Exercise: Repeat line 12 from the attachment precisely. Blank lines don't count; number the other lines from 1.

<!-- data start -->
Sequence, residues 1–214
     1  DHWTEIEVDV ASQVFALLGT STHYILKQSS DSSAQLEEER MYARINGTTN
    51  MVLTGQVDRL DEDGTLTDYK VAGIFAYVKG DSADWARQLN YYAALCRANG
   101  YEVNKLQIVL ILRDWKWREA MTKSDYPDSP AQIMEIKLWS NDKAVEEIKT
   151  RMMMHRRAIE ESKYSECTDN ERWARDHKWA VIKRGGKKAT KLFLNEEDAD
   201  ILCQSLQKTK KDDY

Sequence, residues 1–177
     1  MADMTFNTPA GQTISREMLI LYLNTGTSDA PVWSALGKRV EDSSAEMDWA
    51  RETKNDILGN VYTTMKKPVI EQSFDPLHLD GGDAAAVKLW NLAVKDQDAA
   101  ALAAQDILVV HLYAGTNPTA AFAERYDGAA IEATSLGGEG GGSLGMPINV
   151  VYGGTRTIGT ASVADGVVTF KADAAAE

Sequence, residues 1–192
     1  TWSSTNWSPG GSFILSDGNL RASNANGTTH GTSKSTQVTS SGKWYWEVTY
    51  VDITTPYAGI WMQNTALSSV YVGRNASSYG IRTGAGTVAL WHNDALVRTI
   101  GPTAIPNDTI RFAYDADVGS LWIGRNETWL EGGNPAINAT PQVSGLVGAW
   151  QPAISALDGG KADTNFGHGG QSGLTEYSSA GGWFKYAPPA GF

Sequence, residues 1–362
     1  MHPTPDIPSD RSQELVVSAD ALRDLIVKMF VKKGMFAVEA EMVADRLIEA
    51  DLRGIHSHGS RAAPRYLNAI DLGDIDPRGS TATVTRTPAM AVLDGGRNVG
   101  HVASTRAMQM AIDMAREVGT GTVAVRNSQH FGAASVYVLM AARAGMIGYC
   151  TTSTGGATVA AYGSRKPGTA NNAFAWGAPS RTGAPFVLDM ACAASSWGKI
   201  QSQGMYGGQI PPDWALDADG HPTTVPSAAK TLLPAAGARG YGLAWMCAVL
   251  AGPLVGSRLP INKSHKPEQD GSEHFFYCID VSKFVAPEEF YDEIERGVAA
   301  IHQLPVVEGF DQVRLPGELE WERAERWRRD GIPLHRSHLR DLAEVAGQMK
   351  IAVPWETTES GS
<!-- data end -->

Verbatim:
Sequence, residues 1–192